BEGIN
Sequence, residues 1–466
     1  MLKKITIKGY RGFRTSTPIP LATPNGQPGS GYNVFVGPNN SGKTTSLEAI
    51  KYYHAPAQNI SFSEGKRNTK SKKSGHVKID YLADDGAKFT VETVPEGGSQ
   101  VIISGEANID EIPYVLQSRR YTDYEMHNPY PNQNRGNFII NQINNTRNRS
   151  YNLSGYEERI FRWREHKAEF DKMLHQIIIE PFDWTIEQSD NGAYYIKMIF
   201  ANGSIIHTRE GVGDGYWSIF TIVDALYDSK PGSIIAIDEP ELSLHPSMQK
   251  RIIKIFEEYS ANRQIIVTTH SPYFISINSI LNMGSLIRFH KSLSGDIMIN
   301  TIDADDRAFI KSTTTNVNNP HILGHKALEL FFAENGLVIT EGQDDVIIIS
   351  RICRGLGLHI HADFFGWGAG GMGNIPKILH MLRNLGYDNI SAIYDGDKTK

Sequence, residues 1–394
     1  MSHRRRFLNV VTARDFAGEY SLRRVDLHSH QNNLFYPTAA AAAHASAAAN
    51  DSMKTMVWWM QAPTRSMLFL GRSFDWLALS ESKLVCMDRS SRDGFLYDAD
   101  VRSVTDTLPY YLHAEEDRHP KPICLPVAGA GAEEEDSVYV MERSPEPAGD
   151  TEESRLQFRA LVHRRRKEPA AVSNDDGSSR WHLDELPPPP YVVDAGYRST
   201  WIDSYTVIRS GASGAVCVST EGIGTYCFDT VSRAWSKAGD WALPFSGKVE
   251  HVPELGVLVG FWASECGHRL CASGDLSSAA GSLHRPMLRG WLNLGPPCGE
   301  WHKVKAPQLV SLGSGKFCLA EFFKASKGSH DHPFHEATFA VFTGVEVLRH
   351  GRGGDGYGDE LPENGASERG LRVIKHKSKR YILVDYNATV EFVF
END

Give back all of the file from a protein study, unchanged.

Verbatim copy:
Sequence, residues 1–466
     1  MLKKITIKGY RGFRTSTPIP LATPNGQPGS GYNVFVGPNN SGKTTSLEAI
    51  KYYHAPAQNI SFSEGKRNTK SKKSGHVKID YLADDGAKFT VETVPEGGSQ
   101  VIISGEANID EIPYVLQSRR YTDYEMHNPY PNQNRGNFII NQINNTRNRS
   151  YNLSGYEERI FRWREHKAEF DKMLHQIIIE PFDWTIEQSD NGAYYIKMIF
   201  ANGSIIHTRE GVGDGYWSIF TIVDALYDSK PGSIIAIDEP ELSLHPSMQK
   251  RIIKIFEEYS ANRQIIVTTH SPYFISINSI LNMGSLIRFH KSLSGDIMIN
   301  TIDADDRAFI KSTTTNVNNP HILGHKALEL FFAENGLVIT EGQDDVIIIS
   351  RICRGLGLHI HADFFGWGAG GMGNIPKILH MLRNLGYDNI SAIYDGDKTK

Sequence, residues 1–394
     1  MSHRRRFLNV VTARDFAGEY SLRRVDLHSH QNNLFYPTAA AAAHASAAAN
    51  DSMKTMVWWM QAPTRSMLFL GRSFDWLALS ESKLVCMDRS SRDGFLYDAD
   101  VRSVTDTLPY YLHAEEDRHP KPICLPVAGA GAEEEDSVYV MERSPEPAGD
   151  TEESRLQFRA LVHRRRKEPA AVSNDDGSSR WHLDELPPPP YVVDAGYRST
   201  WIDSYTVIRS GASGAVCVST EGIGTYCFDT VSRAWSKAGD WALPFSGKVE
   251  HVPELGVLVG FWASECGHRL CASGDLSSAA GSLHRPMLRG WLNLGPPCGE
   301  WHKVKAPQLV SLGSGKFCLA EFFKASKGSH DHPFHEATFA VFTGVEVLRH
   351  GRGGDGYGDE LPENGASERG LRVIKHKSKR YILVDYNATV EFVF